Only Bring the Essentials

Ideally, the only things you really need at a job interview are copies of your resume, references and – of course – your winning smile and sparkling personality. Anything else should probably be left in the car. If you need to bring a purse, computer bag or briefcase in with you, make sure it’s well organized and in good condition so as not to distract from your otherwise polished look. The last thing you want in the middle of a job interview is to shuffle through old papers – or granola bar wrappers – to find the references you could have sworn you brought with you.

Be Pleasant to Everyone

Sure, chances are the college intern at the front desk probably isn’t the one making the hiring decisions in the office but that doesn’t mean you shouldn’t treat her with the same amount of respect and pleasantries that you would the CEO. Aside from your qualifications and personal references, employers are also interviewing you to see how well you would fit in at the office and if you would work well with the other members of their team. The last thing you need after charming their socks off in the interview is for the receptionist to mention that you were rude when she checked you in or made it hard for her to focus on her job because you were on a loud personal call in the lobby.

Show Enthusiasm for the Position

It’s OK to let your interviewer know that you’re excited about being considered for this position. After all, they would much rather hire someone that wants to be there and wants to do a good job over someone that just needs a paycheck. A great way to show your enthusiasm for the position would be to show up early to the interview. Not only does this ensure that you are on time when they’re ready to meet you, but it’ll also give you a moment to settle your nerves, use the restroom and repeat your best “I got this” mantra when no one is looking.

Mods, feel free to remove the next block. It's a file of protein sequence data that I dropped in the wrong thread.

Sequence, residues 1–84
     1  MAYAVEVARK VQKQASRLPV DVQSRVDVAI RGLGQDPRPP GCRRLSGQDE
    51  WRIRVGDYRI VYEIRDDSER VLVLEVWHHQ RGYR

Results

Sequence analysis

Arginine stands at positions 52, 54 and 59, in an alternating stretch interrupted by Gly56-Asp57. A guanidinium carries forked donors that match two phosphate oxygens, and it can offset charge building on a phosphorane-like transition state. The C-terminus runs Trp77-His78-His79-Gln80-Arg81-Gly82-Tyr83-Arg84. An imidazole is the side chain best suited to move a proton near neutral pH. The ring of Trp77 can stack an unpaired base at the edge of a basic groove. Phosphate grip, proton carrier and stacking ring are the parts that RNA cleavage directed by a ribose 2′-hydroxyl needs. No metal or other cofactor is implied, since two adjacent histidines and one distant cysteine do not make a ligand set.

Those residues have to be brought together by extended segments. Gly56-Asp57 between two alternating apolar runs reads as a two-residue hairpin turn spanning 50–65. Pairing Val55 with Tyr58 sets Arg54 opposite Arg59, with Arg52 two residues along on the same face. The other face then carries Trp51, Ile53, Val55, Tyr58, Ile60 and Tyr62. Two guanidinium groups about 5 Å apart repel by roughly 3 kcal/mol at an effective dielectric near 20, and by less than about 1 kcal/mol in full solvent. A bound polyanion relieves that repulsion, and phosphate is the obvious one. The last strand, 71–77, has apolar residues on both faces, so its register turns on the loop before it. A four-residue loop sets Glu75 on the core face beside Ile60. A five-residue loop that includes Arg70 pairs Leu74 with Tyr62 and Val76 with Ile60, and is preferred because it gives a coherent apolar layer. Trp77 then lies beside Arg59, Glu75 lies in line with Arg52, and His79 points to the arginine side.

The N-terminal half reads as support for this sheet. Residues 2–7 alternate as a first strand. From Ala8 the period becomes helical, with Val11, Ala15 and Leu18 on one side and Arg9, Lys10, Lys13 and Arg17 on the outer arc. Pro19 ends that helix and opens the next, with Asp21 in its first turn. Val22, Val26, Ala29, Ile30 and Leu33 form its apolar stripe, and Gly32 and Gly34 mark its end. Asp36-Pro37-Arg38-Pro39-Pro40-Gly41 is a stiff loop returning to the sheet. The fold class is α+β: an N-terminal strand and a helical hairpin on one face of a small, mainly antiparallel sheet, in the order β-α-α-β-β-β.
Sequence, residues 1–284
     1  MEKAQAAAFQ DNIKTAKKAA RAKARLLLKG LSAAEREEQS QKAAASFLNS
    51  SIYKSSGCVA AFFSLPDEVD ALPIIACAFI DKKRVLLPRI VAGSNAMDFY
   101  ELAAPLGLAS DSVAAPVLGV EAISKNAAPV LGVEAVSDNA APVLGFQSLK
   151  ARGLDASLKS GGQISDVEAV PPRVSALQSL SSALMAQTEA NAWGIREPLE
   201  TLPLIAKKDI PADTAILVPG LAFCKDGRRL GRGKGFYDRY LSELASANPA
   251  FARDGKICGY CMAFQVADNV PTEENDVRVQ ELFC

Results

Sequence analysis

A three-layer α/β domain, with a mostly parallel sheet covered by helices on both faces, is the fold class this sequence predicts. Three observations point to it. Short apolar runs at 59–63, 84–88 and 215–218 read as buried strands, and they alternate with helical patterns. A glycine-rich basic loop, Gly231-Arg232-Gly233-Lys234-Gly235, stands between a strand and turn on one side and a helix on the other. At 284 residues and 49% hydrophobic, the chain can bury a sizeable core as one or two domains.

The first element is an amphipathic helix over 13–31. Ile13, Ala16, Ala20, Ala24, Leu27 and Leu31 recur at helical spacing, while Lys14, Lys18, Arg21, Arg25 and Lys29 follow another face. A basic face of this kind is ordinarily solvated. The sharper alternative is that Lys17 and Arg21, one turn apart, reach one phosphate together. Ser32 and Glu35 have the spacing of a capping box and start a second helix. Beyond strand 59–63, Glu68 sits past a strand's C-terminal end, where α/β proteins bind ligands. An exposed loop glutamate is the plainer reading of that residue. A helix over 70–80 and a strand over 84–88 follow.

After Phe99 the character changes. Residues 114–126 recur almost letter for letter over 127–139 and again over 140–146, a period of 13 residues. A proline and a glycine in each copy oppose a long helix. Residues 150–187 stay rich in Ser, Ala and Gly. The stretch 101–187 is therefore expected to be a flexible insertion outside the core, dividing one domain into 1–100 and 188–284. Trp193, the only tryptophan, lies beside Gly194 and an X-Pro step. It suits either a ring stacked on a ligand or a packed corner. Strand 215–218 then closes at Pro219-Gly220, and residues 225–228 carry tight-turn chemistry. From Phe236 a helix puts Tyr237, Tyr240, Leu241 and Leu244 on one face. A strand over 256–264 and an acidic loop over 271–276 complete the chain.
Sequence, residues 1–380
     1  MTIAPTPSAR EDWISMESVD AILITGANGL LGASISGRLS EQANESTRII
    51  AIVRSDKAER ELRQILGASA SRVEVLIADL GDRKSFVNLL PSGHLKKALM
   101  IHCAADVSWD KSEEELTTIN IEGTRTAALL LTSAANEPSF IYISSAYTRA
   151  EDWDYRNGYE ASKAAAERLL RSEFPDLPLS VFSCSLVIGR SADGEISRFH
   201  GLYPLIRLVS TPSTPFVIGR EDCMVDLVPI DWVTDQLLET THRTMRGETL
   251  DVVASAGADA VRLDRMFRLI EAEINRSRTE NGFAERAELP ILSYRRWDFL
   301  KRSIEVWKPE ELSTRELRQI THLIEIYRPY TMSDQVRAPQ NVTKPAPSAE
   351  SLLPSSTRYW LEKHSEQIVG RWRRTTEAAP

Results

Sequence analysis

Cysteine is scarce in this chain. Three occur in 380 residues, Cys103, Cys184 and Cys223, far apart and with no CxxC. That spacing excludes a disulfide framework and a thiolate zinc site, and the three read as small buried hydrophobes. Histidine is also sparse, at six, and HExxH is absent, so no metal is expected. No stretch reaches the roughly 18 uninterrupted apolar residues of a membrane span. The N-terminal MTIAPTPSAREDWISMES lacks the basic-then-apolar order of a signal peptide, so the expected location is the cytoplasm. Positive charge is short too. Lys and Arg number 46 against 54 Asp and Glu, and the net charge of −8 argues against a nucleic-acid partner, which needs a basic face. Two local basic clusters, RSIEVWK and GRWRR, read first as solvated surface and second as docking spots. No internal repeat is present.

When you actually make it to the table, let the interviewer know that you’re happy to be there and appreciate the opportunity to apply. And don’t let your nerves get the better of you. Remain engaged during the meeting by maintaining eye contact, flashing a smile on occasion and asking questions about the position. The more relaxed you are during the process will show them that you are more than ready to dive into this exciting opportunity – and that’s exactly what they want.

Follow Up with a Thank You

thank you

Chances are you’re not the only person they’re interviewing for the position. Do your best to stand out amongst the rest with a timely and brief “thank you” via email, note or phone call. Thank the interviewer for meeting with you and, in one or two lines, give your best sell as to why you think you would be the perfect fit for their position. If they haven’t made up their minds yet, hopefully, the personalized thank you note will put you over the edge into the “must hire” column before they even reach your witty yet professional salutations.

Interviewing for a new job doesn’t have to be stressful. Follow these seven easy tips to make a great first impression on your next meet and greet, and you’ll be the one calling the shots in no time.

****Special thanks to Simone Scanga for this guest post!****